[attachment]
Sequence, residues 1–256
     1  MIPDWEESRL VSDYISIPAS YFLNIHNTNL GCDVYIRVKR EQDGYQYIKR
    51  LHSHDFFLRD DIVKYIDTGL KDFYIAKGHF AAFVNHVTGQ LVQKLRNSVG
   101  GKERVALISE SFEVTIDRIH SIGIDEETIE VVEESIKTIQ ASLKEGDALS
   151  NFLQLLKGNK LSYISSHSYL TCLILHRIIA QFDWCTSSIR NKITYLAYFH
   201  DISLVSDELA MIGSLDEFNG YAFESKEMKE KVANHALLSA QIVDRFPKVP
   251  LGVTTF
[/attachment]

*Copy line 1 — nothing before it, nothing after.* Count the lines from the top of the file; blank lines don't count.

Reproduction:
Sequence, residues 1–256